If a customer is searching around and looking for service, yes they are looking for cost savings, but if they call around and compare prices, they most likely when they come to you and see your rates are the cheapest, are going to do one of two things, one is think to themselves why your rates are so cheap compared to others, or think that they stumbled onto a gold mine, changes are, people who can afford lawn care and landscaping and all the good stuff, are not worried about cost, they wan quality at a good price.

    Did you know, that even some people feel the way we do about, "You get what you paid for" you pay for cheap service, you get cheap service, see my point? it doesn't always work, and in the long run you go out of business due to the lack of work.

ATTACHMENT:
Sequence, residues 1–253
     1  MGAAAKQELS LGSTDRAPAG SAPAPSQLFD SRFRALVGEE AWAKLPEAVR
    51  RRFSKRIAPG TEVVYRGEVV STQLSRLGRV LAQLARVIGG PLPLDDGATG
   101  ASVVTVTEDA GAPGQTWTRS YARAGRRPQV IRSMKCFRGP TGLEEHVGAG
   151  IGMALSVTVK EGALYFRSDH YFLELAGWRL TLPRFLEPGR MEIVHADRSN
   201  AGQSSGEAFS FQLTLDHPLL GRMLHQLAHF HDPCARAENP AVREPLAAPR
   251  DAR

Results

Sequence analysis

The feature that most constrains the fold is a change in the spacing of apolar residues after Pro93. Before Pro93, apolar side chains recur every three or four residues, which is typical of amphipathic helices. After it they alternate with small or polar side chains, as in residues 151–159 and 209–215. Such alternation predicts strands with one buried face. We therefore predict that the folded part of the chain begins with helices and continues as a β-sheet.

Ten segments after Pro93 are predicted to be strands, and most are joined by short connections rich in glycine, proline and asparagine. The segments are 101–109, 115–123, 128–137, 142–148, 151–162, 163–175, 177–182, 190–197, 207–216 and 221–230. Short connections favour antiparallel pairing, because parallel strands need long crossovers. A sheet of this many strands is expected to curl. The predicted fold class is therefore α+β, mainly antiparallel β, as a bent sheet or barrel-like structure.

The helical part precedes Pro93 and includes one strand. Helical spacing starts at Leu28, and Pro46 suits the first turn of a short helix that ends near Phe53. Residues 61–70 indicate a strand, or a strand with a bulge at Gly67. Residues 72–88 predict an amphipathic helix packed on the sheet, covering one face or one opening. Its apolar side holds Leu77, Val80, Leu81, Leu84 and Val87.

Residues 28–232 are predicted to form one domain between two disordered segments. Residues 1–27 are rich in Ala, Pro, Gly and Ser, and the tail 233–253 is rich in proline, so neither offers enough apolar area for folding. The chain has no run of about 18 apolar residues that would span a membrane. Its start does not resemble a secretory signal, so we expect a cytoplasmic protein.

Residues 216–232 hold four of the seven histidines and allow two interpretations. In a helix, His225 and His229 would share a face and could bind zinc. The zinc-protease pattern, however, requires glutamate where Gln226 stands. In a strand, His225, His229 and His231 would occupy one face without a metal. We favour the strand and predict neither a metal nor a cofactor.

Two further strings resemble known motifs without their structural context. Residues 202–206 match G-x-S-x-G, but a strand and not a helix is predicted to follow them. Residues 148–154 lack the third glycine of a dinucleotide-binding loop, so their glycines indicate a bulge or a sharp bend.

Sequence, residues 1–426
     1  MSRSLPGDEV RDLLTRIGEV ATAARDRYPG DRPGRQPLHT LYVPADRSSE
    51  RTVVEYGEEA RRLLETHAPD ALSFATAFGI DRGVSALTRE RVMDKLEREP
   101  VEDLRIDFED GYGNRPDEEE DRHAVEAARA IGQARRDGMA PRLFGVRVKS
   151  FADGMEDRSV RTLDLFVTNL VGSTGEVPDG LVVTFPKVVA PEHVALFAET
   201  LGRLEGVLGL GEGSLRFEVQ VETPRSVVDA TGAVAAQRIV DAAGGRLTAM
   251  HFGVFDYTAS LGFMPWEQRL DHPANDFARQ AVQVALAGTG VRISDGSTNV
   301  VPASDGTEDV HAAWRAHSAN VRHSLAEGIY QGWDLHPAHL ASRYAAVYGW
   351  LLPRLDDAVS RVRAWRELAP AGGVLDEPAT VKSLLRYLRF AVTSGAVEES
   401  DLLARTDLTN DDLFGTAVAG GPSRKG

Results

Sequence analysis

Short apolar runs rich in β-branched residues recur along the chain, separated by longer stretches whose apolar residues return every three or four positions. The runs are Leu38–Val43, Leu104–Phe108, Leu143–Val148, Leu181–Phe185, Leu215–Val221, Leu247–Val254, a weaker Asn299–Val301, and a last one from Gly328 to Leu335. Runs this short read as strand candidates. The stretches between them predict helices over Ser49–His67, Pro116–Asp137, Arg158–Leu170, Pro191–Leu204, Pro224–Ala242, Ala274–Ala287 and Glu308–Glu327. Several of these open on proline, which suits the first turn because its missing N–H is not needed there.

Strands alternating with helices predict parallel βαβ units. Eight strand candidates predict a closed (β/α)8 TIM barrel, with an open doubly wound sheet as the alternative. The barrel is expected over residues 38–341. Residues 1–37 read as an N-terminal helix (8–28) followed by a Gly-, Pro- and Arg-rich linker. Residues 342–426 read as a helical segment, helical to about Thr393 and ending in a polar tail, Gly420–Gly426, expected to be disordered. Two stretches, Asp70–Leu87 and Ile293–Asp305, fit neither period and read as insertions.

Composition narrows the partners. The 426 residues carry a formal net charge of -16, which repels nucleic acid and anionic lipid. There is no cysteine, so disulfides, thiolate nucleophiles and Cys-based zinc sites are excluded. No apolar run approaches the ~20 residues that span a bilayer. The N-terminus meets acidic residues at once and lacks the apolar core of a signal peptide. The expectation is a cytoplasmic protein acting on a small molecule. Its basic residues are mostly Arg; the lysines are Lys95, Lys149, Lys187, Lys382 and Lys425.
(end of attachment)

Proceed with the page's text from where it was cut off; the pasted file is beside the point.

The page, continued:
7. White Gardens

    White Gardens LawnSite Fanatic
    Messages: 6,776

    Really, what I feel it all comes down to is people not understanding what they are doing when charging lower for accounts.

    It's not that they want to charge lower (sure they need the work) but more of not truly understanding the market and why they are out to get business in the first place, to make money.

    I think it just stinks that we provide a biz that has nothing to set rates. In other businesses, most of the time the service is dictated by what supplies cost, minimum wage, ect.

    When it comes to something like mowing, you just show up to do it and I feel the costs and overhead is overlooked be 50% of LCO's out there, thinking "I don't have overhead", which isn't the true case because you will always have something to spend money on in biz.